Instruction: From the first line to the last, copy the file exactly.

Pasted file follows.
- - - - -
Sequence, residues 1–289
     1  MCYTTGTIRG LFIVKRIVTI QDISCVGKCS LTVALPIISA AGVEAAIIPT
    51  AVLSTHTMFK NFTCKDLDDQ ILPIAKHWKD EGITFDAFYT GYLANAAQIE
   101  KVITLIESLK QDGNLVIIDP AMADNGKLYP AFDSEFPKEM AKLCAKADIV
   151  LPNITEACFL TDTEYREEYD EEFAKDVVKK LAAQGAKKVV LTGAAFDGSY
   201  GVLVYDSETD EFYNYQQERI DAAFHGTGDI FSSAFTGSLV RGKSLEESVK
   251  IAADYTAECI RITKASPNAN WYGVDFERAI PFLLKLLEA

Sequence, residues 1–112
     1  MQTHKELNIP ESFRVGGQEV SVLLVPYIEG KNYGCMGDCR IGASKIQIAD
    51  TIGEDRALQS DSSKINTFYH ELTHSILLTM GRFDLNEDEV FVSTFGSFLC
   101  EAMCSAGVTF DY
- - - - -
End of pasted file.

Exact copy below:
Sequence, residues 1–289
     1  MCYTTGTIRG LFIVKRIVTI QDISCVGKCS LTVALPIISA AGVEAAIIPT
    51  AVLSTHTMFK NFTCKDLDDQ ILPIAKHWKD EGITFDAFYT GYLANAAQIE
   101  KVITLIESLK QDGNLVIIDP AMADNGKLYP AFDSEFPKEM AKLCAKADIV
   151  LPNITEACFL TDTEYREEYD EEFAKDVVKK LAAQGAKKVV LTGAAFDGSY
   201  GVLVYDSETD EFYNYQQERI DAAFHGTGDI FSSAFTGSLV RGKSLEESVK
   251  IAADYTAECI RITKASPNAN WYGVDFERAI PFLLKLLEA

Sequence, residues 1–112
     1  MQTHKELNIP ESFRVGGQEV SVLLVPYIEG KNYGCMGDCR IGASKIQIAD
    51  TIGEDRALQS DSSKINTFYH ELTHSILLTM GRFDLNEDEV FVSTFGSFLC
   101  EAMCSAGVTF DY